Jim Grossmann / NASA
At NASA's Kennedy Space Center in Florida, Lockheed Martin crews uncover the Orion ground test vehicle in the Launch Equipment Test Facility, or LETF.
By Jillian Scharr
Since the space shuttle's retirement in 2011, NASA has relied on Russian rockets to launch its astronauts to space. But the United States plans to have its own homemade spacecraft again soon. Called the Orion Multipurpose Crew Vehicle, the new vehicle will be able to carry astronauts to Earth orbit, to the moon, asteroids and eventually to Mars.
Though it looks similar to the gumdrop shape of the Apollo moon-bound capsules, the Orion spacecraft is a whole new machine. Unlike the old capsules, Orion — set to make its first test flight in 2014 — can be reused.
The Orion capsule consists of three basic sections: a crew module, a service module, and a launch abort system. A powerful new rocket, called the Space Launch System, will be used to launch Orion into space. It's the crew module section, in particular, that can be recycled for multiple spaceflights. [Infographic: The Orion Capsule Explained]
No easy feat
Making a spacecraft reusable is not an easy feat. Since the Apollo 11 first moon landing mission, many manned spacecraft have achieved a safe return to Earth by landing in the ocean.
Though ocean landings are easier from an engineering standpoint — the descending capsule doesn't need to slow down as much for a water impact, and there's no need for airbags or other cushioning devices — ocean landings are also expensive, as the salt water often ruins the spacecraft's electronics.
NASA's Orion spacecraft will carry astronauts further into space than ever before using a module based on Europe's Automated Transfer Vehicles (ATV).
A refurbishable Orion means the spacecraft will be cheaper to operate over the long term.
Lockheed Martin, NASA's lead contractor on the Orion project, originally looked into enabling the craft's crew module to set down on dry land by outfitting it with heavy drag parachutes, reverse thrusters, and airbags. But simulations revealed that the necessary equipment would add about 1,400 pounds (635 kilograms) of extra weight to the crew module, making the vessel far too heavy.
So for the first few flights, at least, Orion's crew module will make water landings.
This poses a problem, as one of the ways Lockheed Martin is making Orion reusable is by placing the majority of its valuable electronics and computers in the crew capsule, the only part of Orion that returns to Earth. This design greatly reduces the amount of hardware and software that needs to be replaced for each flight, but it leaves the question — how to protect these valuable components from the corrosive effects of salt water?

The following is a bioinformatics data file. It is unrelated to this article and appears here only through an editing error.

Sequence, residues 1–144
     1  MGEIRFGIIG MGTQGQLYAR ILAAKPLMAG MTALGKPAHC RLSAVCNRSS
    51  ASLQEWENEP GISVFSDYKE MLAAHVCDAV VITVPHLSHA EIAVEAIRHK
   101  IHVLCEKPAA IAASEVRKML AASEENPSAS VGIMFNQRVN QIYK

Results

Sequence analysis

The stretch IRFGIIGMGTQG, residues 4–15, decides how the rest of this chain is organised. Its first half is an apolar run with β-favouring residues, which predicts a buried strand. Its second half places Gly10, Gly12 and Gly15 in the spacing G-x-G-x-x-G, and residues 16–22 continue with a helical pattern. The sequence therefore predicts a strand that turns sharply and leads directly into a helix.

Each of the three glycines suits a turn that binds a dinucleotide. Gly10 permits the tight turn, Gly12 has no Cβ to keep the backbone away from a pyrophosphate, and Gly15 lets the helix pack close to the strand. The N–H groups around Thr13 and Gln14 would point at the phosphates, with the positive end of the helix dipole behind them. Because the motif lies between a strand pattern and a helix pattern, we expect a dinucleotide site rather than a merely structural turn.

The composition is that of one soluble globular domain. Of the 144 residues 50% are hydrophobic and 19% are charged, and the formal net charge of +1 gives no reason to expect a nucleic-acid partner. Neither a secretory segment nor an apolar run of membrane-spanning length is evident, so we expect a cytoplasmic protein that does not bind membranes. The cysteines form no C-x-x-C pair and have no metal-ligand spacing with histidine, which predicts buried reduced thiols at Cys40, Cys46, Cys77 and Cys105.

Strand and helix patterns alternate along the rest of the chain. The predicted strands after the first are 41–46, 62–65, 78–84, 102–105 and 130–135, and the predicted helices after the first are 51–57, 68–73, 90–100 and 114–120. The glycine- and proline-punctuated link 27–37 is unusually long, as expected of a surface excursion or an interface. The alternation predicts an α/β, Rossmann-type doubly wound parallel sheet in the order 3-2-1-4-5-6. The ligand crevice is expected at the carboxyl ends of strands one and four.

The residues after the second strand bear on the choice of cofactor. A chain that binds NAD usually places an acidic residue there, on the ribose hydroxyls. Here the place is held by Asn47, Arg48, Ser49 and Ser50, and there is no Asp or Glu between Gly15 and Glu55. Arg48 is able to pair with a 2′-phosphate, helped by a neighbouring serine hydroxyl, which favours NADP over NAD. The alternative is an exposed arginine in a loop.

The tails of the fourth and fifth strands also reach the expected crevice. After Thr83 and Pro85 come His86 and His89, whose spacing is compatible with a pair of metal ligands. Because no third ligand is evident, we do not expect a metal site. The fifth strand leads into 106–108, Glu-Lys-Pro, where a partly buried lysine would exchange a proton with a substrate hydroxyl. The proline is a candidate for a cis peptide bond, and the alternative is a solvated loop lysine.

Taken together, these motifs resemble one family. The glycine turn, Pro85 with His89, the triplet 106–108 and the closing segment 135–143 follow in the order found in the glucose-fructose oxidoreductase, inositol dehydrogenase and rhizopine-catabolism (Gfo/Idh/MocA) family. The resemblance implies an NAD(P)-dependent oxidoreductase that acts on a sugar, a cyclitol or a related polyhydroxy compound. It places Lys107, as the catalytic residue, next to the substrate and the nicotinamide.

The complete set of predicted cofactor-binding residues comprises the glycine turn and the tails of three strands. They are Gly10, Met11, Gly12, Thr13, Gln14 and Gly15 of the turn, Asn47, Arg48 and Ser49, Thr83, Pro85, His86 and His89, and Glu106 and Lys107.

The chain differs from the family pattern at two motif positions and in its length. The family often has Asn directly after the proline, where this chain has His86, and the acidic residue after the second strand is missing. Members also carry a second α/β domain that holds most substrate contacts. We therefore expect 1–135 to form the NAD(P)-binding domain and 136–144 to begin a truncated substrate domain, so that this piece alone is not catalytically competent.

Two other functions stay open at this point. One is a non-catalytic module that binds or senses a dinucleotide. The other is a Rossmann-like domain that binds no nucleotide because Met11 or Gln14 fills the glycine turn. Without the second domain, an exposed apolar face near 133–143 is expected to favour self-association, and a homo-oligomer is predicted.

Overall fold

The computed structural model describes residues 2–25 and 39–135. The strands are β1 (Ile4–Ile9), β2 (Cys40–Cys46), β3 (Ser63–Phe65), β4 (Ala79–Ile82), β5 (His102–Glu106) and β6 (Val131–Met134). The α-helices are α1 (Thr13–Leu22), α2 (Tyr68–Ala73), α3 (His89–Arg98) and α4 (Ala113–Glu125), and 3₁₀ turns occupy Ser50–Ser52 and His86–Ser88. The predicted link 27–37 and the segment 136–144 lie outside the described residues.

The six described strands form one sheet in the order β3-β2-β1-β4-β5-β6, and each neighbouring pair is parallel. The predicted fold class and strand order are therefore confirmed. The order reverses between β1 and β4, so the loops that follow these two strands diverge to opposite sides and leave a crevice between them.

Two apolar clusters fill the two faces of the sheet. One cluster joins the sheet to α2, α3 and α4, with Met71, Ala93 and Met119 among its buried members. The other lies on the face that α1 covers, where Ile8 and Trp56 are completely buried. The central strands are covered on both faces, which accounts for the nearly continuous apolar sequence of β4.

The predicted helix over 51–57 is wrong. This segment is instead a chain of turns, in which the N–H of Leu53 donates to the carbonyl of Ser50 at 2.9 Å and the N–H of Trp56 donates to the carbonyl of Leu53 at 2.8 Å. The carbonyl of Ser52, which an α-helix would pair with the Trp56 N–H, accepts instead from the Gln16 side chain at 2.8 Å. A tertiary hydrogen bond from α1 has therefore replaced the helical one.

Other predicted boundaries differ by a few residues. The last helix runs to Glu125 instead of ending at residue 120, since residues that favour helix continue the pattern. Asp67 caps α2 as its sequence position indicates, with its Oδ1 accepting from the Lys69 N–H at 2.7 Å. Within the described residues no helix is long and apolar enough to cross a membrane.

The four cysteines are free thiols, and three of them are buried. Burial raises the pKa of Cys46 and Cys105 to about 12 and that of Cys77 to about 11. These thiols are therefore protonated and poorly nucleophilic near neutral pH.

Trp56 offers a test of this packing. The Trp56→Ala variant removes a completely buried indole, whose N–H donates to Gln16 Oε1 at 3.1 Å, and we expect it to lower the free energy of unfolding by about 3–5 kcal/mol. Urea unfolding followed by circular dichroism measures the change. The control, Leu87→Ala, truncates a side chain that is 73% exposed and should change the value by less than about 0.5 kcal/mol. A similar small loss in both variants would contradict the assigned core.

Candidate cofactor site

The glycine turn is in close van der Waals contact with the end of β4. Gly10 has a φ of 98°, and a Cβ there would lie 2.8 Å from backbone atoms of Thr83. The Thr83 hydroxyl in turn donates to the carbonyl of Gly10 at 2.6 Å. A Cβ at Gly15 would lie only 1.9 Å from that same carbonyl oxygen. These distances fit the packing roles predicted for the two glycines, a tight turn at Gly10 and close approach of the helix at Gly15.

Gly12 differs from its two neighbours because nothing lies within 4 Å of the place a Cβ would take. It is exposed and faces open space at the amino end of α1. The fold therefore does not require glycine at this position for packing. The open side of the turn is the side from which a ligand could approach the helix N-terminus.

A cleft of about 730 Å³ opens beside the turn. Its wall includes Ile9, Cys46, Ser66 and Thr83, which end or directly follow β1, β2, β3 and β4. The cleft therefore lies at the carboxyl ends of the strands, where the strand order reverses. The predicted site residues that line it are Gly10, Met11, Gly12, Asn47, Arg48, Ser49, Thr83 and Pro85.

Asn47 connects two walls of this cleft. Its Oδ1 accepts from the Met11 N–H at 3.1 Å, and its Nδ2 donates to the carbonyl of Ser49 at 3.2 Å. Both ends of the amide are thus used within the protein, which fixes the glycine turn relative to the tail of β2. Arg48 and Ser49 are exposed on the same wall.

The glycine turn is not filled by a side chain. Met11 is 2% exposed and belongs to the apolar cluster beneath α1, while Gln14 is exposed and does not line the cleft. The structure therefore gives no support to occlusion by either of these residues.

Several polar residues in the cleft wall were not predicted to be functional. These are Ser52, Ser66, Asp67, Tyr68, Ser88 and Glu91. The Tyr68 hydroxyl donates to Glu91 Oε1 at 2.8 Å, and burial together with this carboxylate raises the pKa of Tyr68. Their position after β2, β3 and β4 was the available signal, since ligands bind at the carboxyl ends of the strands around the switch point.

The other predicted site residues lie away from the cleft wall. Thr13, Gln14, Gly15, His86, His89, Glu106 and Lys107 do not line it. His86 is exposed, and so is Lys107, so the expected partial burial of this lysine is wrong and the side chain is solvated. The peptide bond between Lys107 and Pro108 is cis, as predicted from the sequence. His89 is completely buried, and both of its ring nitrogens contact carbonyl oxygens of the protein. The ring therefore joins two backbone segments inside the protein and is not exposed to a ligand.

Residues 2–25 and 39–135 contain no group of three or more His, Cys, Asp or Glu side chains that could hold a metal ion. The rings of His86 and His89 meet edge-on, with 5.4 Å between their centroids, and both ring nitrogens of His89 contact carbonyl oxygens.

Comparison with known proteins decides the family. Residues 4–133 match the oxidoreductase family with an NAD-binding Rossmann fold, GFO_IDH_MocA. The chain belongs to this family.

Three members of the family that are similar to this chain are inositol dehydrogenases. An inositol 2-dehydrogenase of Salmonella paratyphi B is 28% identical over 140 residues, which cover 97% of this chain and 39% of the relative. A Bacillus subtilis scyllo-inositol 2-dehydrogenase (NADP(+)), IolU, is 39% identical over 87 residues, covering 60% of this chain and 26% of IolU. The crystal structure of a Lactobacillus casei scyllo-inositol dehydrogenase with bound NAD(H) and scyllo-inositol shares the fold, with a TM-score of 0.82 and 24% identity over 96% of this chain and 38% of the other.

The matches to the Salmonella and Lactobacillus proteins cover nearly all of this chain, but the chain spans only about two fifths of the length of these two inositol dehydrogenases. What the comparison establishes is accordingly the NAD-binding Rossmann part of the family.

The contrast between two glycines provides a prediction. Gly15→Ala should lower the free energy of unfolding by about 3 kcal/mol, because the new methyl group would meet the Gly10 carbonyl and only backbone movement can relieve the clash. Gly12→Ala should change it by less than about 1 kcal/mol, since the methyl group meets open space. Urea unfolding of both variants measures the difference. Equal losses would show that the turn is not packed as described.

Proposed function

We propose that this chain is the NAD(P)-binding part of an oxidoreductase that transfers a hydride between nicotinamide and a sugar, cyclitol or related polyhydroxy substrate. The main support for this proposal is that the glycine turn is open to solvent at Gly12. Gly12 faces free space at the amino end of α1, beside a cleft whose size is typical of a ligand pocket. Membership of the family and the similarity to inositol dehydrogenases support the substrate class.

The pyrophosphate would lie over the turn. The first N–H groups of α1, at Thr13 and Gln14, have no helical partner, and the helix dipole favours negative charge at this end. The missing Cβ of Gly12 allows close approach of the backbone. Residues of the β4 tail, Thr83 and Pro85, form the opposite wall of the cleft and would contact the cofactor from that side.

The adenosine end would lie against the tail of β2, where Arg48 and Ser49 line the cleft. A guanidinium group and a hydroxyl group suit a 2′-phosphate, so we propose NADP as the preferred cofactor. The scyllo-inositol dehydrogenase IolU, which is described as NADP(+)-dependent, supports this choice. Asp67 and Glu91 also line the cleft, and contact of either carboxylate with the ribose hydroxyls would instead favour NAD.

Inside with the crew
Larry Price, Lockheed Martin's Orion deputy program manager, explained that Orion's design locates the majority of these electronics not only in the crew module, but within the pressurized section of the crew module in which the astronauts ride. This chamber is able to withstand the vacuum of space, and will also serve to keep out salty ocean water upon returning to Earth.
Equipment that has to be outside the pressurized section of the crew module, like exterior sensors or docking cameras, will be sealed to minimize damage from water as well as dust and micrometeoroids in space.
A major exception is the crew module's heat shield, which is designed to be consumed as the vessel re-enters Earth's atmosphere, thereby shielding the crew module from the heat of re-entry.
What's more, all of the Orion's component parts have been designed to be as generic as possible, so that between the craft's first test flight in 2014 and its projected Mars voyage in the 2030s, the spacecraft can be upgraded as new technologies become available.
"If the vehicle's designed to be viable for 30 years, you want to be able to upgrade these components when advances are made," Price said, explaining that if one component is upgraded — or discontinued — the whole system won't have to be redesigned.
While the crew module is designed to be almost entirely reusable, Orion's service module is a different story.
For Orion's first few flights, the service module will be detached just before the crew module re-enters the atmosphere, and is expected to burn up as it falls.
But further down the line, it may be possible to refurbish the service module as well. Price talked hypothetically about outfitting the service module with sensors so that it could stay in orbit as a satellite after detaching from the crew module. This way, it could be refilled with fuel for future missions in space. Then, future crew modules could be launched separately, to rendezvous with the service module outside the atmosphere.
This story was updated to correct the date of the first Orion test flight, which is planned for 2014, not 2017, as originally stated. The article was also updated to reflect the fact that many, but not most, crewed spacecraft have made landings in water.
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This story was originally published on Thu Jun 13, 2013 1:13 PM EDT